• Clinical Assessment of Patient Function - Patient's Walking Ability - at Approximately Week 5 [ Time Frame: approximately week 5 ] [ Designated as safety issue: No ]
    At the endpoint of the study (week 4 of Treatment period or last post baseline visit) investigators completed the Clinical Assessment of Patient Function Scale which asks 5 questions about the effect of study treatment on the patient's ability to function. This question asks about the patient's walking ability.

  • Clinical Assessment of Patient Function - Patient's Ability to Work/Perform Activities of Daily Living - at Approximately Week 5 [ Time Frame: approximately week 5 ] [ Designated as safety issue: No ]
    At the endpoint of the study (week 4 of Treatment period or last post baseline visit) investigators completed the Clinical Assessment of Patient Function Scale which asks 5 questions about the effect of study treatment on the patient's ability to function. This question asks about the patient's ability to work and perform activities of daily living.

  • Clinical Assessment of Patient Function - Patient's Relationship With Others - at Approximately Week 5 [ Time Frame: approximately week 5 ] [ Designated as safety issue: No ]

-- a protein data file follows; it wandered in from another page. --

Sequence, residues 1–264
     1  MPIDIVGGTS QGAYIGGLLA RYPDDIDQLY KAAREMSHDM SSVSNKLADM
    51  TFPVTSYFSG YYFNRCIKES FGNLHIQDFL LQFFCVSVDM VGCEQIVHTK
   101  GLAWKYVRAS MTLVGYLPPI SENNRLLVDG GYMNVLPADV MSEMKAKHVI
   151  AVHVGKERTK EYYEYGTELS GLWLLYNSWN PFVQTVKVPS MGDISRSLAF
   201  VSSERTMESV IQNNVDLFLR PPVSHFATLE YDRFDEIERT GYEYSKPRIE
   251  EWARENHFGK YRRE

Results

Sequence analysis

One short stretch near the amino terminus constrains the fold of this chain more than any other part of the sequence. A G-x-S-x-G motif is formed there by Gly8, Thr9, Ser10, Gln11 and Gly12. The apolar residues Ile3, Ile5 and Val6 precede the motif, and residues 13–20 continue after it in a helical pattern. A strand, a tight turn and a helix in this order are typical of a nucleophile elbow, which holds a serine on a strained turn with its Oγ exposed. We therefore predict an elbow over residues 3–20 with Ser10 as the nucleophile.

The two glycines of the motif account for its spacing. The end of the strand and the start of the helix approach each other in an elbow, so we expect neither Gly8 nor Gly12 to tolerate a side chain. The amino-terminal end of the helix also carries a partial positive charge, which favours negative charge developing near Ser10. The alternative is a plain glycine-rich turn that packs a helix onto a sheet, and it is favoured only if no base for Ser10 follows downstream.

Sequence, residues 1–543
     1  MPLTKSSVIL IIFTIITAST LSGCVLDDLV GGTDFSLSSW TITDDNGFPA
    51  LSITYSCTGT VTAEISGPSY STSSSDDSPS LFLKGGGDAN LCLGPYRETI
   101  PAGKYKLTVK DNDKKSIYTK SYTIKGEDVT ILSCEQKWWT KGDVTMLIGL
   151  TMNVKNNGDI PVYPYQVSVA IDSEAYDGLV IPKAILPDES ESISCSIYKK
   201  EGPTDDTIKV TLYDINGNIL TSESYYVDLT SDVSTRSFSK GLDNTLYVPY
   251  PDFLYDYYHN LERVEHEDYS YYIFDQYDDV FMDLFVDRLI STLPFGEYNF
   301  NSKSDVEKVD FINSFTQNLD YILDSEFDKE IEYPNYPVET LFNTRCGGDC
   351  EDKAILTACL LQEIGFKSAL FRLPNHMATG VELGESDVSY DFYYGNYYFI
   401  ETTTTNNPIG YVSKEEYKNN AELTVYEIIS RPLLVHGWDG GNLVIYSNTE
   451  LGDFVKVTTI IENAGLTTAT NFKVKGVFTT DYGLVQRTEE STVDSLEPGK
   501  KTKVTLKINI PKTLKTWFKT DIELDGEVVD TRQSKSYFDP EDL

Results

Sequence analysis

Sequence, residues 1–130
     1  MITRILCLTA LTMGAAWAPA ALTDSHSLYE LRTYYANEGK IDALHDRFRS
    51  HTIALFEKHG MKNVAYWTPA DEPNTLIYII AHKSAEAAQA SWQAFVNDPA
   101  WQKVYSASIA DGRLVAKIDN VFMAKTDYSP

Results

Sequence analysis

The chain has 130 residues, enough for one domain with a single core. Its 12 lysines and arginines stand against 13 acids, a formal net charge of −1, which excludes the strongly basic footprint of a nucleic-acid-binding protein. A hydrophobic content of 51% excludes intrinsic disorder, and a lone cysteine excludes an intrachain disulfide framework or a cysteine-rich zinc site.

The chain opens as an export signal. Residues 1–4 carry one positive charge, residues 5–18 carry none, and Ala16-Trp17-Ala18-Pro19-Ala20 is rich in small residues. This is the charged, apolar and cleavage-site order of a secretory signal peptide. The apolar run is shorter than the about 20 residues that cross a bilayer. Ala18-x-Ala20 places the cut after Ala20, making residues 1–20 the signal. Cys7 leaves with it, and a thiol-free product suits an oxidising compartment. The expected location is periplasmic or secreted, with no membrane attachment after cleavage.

At the endpoint of the study (week 4 of Treatment period or last post baseline visit) investigators completed the Clinical Assessment of Patient Function Scale which asks 5 questions about the effect of study treatment on the patient's ability to function. This question asks about the patient's relationship with others.

  • Clinical Assessment of Patient Function - Patient's Enjoyment of Life - at Approximately Week 5 [ Time Frame: approximately week 5 ] [ Designated as safety issue: No ]
    At the endpoint of the study (week 4 of Treatment period or last post baseline visit) investigators completed the Clinical Assessment of Patient Function Scale which asks 5 questions about the effect of study treatment on the patient's ability to function. This question asks about the patient's enjoyment of life.